Sid Meier's Civilization V: Gods & Kings
What parents need to know
Parents Need to Know
Parents need to know that Sid Meier's Civilization V: Gods & Kings is an expansion pack to Sid Meier's Civilization V and that a copy of the original game is required in order to play this one. It is a deep, turn-based game of civilization simulation and tactics that, in some ways, also acts as a basic but broad-spanning history lesson concerning the people, events, movements, technologies, and personalities that have shaped our world. There is violence, but its depiction is from far away, and brief references to sexuality and drugs are made only within historical context. Parents should be aware that this game offers a multiplayer mode capable of facilitating communication between strangers.
What kids can learn
Language & Reading
- reading comprehension
- following directions
- rocks and minerals
- historical figures
- power structures
- cultural understanding
Thinking & Reasoning
- analyzing evidence
- developing novel solutions
- set objectives
- academic development
Responsibility & Ethics
- learning from consequences
- using and applying technology
Engagement, Approach, Support
Fans of Civilization V are all but guaranteed to enjoy this game. The addition of religion, new civilizations, "world wonders," unit types, original scenarios and a few key rules tweaks all help make the game feel fresh again.
This game's all about world history and strategy. It provides great descriptions of "world wonders" and national leaders while providing insight into how popular faiths can shape the development of major nations.
The game leads players through all available actions every turn, leaving players to focus on what they want to do with each action. The series' online community is very active and willing to provide advice to rookies.
What's it about?
As the first major expansion to Sid Meier's Civilization V, SID MEIER'S CIVILIZATION V: GODS & KINGS fundamentally changes the original game by adding a powerful new ingredient: Religion. Players still begin by selecting an historical world leader -- nine new personalities have been added to the original cast, including the Netherlands' William I and Ethiopia's Haile Selassie -- before attempting to rule the world in a variety of ways, from military might to scientific achievement. However, now they must contend with -- or spur on -- the rise of nearly a dozen different real-world religions, including Buddhism, Hinduism, Christianity, Islam, Judaism, Sikhism, Taoism, Shinto, Tengrism, Confucianism, and Zoroastrianism. While details of these religions are provided in the "Civilopedia," differences in dogma don’t have much of an effect on the game itself. Each faith is capable of offering similar benefits -- bonuses to culture, happiness, gold collection -- that can give a civilization the edge it needs to grow more quickly than its rivals. This expansion also includes several new scenarios, such as one that leads players through the fall of the Roman Empire and another with a Victorian steampunk theme.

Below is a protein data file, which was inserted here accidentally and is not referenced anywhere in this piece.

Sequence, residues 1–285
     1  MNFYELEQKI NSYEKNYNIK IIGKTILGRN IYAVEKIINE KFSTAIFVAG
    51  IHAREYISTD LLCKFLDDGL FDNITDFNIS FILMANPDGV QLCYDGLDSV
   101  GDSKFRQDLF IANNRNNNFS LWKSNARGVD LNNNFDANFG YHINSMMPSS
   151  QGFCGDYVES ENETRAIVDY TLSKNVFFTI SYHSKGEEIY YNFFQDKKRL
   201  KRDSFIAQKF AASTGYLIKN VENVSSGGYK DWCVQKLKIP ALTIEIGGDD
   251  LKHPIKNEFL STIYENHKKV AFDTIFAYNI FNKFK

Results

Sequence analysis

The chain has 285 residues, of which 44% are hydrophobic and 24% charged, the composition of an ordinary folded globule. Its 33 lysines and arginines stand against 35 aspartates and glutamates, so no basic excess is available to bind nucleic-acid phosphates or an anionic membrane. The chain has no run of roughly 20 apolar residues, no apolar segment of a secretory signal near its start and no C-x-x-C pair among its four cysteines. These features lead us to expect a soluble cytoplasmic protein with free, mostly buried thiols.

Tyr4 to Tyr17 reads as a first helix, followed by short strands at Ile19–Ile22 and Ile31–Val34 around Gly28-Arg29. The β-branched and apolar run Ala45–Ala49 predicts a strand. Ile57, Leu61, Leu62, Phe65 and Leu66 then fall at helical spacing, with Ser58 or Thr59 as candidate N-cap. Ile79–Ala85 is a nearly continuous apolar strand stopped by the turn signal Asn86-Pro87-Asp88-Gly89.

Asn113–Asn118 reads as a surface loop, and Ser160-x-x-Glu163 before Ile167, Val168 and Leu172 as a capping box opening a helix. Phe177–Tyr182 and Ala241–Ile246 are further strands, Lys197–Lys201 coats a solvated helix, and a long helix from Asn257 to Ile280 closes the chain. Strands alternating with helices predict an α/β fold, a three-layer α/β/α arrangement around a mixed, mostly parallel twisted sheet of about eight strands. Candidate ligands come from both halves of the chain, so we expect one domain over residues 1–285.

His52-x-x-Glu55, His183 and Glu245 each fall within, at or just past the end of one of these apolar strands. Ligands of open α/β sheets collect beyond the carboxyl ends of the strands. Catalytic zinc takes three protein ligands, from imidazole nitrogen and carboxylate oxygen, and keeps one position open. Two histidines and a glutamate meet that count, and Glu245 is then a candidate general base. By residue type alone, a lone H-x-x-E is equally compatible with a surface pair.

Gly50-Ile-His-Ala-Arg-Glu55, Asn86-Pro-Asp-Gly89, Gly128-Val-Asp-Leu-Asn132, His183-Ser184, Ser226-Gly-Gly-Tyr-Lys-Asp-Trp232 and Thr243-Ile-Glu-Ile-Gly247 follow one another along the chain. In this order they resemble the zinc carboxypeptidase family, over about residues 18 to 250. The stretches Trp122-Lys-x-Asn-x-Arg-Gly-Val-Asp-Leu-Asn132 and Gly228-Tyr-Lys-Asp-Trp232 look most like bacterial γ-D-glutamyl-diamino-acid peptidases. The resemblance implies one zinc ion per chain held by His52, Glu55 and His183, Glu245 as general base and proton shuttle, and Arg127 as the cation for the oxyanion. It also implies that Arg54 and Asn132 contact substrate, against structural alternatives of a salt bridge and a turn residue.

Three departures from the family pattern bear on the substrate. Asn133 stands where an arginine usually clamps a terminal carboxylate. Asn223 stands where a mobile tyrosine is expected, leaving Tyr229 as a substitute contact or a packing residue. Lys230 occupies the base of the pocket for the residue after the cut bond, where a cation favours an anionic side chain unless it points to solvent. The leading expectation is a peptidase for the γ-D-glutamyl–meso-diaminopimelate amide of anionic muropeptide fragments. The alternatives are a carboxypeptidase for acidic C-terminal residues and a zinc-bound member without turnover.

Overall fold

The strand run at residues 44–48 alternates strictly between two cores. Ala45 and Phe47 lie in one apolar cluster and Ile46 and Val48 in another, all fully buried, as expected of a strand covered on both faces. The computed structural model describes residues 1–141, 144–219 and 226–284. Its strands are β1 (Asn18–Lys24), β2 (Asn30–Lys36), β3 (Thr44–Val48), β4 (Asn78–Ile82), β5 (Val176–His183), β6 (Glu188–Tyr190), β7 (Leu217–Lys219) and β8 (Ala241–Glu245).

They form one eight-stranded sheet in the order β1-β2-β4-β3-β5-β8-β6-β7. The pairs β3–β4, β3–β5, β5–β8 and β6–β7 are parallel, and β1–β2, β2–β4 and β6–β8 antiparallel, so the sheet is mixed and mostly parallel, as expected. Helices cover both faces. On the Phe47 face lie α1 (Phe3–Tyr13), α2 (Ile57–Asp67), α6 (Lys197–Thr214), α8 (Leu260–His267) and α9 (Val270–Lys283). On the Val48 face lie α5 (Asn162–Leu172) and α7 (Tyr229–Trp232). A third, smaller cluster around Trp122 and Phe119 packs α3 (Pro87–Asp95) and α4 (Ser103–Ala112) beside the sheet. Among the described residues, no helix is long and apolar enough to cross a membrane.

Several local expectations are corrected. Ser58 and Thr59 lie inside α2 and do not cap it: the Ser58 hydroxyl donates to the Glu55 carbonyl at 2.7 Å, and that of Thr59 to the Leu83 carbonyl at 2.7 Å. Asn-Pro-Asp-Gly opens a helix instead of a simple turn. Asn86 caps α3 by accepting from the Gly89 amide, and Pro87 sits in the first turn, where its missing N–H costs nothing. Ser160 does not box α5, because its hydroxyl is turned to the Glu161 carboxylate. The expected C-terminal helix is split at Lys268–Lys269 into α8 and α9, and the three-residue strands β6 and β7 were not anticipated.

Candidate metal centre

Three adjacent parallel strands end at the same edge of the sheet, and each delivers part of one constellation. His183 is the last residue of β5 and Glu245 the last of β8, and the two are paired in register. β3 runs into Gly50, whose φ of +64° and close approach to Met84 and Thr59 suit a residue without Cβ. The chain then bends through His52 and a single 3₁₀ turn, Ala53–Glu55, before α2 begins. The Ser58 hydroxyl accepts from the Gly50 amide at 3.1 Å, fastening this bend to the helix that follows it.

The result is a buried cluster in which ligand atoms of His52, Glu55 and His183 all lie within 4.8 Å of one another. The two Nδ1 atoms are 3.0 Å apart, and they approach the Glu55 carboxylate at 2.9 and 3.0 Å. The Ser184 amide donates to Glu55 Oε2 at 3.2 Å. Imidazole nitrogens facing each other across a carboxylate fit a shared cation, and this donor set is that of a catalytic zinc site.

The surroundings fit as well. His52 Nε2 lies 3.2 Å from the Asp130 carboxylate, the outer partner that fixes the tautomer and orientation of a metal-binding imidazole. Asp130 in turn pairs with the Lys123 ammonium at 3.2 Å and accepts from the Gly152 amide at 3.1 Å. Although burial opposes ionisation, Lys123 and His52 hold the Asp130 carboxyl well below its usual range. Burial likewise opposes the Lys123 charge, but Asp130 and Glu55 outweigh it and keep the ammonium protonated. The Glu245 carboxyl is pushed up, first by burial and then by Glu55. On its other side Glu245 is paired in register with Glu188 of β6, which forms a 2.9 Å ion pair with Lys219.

Is it any good?
Fans of Civilization V are all but guaranteed to enjoy the new features that Gods & Kings adds to the experience. Religious elements haven't just been tacked on; they've been integrated into existing features so that the accumulation of the new "faith" commodity is felt almost everywhere, from researching new technologies to diplomatic relations with "Holy" city states. The game may not exploit specific dogma within each religion (a prudent decision), but it successfully simulates the effect that popular faiths can have on a culture and the world at large.
And religion is just the start. The addition of new civilizations, "world wonders," and unit types, as well as three original scenarios and a few key rules tweaks all help make the game feel fresh again, even for those who've already spent hundreds of hours with it. Its $30 tag is pricey for an expansion pack, but this is a case of getting what you pay for.
Families can talk about...
Families can talk about history. What historical figures and eras interest you most? Do you enjoy learning about history? Do you prefer learning about it through a game like this, or do you want to learn in greater detail and with additional analysis?
Families can also discuss religion. Did this game introduce you to any religions with which you were previously unfamiliar? Do you feel as though you now have a better understanding of the role religion has played in shaping world history?